A Day in the Life of Dr. Stephanie Chu, UCLA Urologist
Dr. Stephanie Chu, MD, didn't plan on becoming a urologist. An environmental science major, she wanted to be a backpacking instructor.
Halfway through undergrad, Dr. Chu changed her mind. "I wasn't helping any particular person with environmental science, so I switched to environmental health," she says. "Then I took a first-aid class and loved it." So, Dr. Chu hung up her backpack and applied to the David Geffen School of Medicine at UCLA.
What attracted her to urology? And exactly what does a urologist do?
(What Is a Urologist? Click the link to learn more...)
A Well-Rounded Specialty
Ten years ago, Dr. Chu's chosen specialty would have seemed as unlikely as her career path. But today, according to the New England Journal of Medicine (NEJM), 25 percent of urology residents are women.
Despite common misconceptions, urologists treat more than the male reproductive system. "Urology also covers the entire urinary tract," says Dr. Chu. "Some urologists even specialize in vaginal reconstruction."
Dr. Chu says urology was a natural fit for her. "I wanted to do surgery," she explains. "But in many surgical fields, the treatment path is clear before surgeons get involved. I like participating in diagnoses and medical management. I like counseling patients, talking them through the big picture and helping them make informed decisions."
In urology, Dr. Chu found the surgical-medical balance she wanted, and a job that "never gets boring."
What Does a Urologist Do?
A typical day for Dr. Chu varies. A second-year resident, she works with attending urologists at various UCLA hospitals and clinics.
When she's at a hospital, Dr. Chu arrives around 6 am. "I see patients on the urology service, review their information and discuss treatment plans with the attending [physician]. I propose what I'd like to do, and the attending agrees or disagrees, then explains why."
Next, Dr. Chu heads to the operating room, where her team performs three to seven surgeries. "The purpose of residency is to coach newly graduated doctors to become surgeons," she says. "Depending on how far along we are, we either observe, learn certain steps or participate while being proctored by the attending."
The surgeries urologists perform most often depend on the practice. DGSOM hosts a busy kidney transplant program, so urologists do hundreds of transplant surgeries each year. "Our urologic oncologists perform prostate, bladder and kidney cancer surgeries," says Dr. Chu. "We also have a kidney stone specialist, and a world-renowned urologist with a female pelvic reconstruction practice."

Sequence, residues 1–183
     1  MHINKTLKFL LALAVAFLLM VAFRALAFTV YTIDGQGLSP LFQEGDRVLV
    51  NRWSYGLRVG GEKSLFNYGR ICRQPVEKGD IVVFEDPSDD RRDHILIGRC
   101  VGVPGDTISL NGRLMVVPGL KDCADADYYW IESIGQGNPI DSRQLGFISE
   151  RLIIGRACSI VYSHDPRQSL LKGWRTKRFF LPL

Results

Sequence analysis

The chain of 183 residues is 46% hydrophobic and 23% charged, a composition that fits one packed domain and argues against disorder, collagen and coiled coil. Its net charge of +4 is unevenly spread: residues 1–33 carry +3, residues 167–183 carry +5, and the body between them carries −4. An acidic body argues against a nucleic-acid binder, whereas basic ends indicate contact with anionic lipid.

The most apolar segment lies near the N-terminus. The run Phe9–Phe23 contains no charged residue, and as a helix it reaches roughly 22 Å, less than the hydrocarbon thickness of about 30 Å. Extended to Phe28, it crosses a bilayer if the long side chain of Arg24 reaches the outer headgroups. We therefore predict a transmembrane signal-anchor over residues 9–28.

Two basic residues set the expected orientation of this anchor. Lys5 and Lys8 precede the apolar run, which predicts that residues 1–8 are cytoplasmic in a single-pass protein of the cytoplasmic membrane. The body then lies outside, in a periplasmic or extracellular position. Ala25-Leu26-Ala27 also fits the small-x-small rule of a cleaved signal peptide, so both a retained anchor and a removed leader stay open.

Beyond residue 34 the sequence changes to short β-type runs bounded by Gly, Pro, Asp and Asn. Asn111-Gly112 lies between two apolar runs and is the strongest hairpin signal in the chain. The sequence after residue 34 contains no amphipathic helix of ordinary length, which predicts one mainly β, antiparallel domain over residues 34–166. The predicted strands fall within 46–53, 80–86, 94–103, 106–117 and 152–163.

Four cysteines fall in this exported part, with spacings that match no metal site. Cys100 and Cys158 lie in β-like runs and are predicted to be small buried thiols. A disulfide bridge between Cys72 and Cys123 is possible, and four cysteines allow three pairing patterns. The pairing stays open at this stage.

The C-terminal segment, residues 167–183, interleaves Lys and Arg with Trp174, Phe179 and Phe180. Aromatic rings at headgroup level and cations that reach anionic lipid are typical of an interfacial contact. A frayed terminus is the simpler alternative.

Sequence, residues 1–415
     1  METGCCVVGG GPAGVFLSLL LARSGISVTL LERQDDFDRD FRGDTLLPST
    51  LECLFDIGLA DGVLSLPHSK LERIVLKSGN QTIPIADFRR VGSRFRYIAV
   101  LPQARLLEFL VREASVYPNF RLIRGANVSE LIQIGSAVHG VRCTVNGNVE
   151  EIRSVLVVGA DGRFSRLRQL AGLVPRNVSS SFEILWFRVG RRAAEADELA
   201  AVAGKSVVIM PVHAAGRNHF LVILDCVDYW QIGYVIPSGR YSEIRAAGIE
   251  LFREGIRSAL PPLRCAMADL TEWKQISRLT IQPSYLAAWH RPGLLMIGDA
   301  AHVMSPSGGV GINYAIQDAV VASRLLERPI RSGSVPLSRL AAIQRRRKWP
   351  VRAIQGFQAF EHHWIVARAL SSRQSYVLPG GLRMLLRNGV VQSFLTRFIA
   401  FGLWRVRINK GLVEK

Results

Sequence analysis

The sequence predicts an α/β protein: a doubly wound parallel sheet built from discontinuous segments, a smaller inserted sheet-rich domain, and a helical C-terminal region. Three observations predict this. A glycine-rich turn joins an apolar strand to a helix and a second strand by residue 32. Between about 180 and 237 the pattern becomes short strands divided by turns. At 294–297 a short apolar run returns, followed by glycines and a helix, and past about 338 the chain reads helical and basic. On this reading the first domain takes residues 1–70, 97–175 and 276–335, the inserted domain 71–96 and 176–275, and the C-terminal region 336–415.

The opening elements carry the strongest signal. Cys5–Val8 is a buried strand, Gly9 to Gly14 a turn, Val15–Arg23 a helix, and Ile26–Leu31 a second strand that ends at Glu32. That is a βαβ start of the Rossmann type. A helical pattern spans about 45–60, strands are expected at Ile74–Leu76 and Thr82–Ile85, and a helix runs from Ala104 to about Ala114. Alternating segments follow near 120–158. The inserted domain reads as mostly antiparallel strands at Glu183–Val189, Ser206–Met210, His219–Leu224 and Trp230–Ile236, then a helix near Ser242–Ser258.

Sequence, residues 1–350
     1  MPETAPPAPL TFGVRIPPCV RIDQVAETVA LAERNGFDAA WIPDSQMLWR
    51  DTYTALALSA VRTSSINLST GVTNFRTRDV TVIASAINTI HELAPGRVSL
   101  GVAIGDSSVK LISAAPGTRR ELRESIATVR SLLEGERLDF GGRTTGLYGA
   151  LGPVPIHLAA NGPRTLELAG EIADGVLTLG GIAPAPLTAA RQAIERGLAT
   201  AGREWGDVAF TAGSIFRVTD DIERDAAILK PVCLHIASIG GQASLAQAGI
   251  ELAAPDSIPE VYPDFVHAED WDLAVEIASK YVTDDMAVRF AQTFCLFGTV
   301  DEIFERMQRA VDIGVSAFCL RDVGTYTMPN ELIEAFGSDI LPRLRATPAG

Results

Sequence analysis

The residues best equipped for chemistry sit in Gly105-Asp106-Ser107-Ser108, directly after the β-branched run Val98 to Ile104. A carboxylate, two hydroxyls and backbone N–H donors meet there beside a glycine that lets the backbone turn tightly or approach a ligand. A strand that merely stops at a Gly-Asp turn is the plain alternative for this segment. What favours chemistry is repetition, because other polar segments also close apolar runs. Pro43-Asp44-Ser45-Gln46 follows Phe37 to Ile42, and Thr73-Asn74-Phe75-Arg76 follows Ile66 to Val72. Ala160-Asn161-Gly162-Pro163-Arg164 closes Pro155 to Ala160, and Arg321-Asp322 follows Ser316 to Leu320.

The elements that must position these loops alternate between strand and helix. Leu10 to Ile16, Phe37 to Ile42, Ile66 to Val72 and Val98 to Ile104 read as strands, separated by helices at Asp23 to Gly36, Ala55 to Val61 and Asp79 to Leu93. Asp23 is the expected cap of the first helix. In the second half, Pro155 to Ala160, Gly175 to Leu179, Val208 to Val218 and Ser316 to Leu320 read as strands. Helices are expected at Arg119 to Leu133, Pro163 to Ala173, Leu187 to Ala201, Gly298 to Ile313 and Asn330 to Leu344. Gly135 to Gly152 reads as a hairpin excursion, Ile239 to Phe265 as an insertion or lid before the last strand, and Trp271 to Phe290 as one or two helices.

The Coolest Toys
Over the past decade, technology has shifted urology toward more minimally invasive procedures. Dr. Chu explains, "We can go into the urethra, through the bladder and look into the kidneys without making a single incision. Surgeries to remove prostates or kidneys, which once required open surgeries, can be done laparoscopically — with tiny, image-guided instruments — or robotically."
Using the da Vinci™ surgical system, surgeons sit at a console with their fingers in sensors, remotely controlling a robotic surgeon with multiple arms. "This gives surgeons more joints inside the body, allowing them to move in ways that would be impossible laparoscopically."
The result for patients: Less blood loss and scarring, and a faster recovery.
"That's another reason I love urology," says Dr. Chu. "We have the coolest toys."
Advice for Future Doctors
Urology might not seem like the most glamorous surgical specialty, but perceptions shouldn't factor into doctors' career decisions.
"When you choose a field, you'll be doing it for decades, so initial reactions are worth getting past," she advises. "I often hear, 'Why urology? That's gross.' If I were a neurosurgeon, people would say, 'Cool, you operate on brains.' But that coolness factor wears off quickly, so medical students should consider what they enjoy doing. They'll be happier, making them better doctors."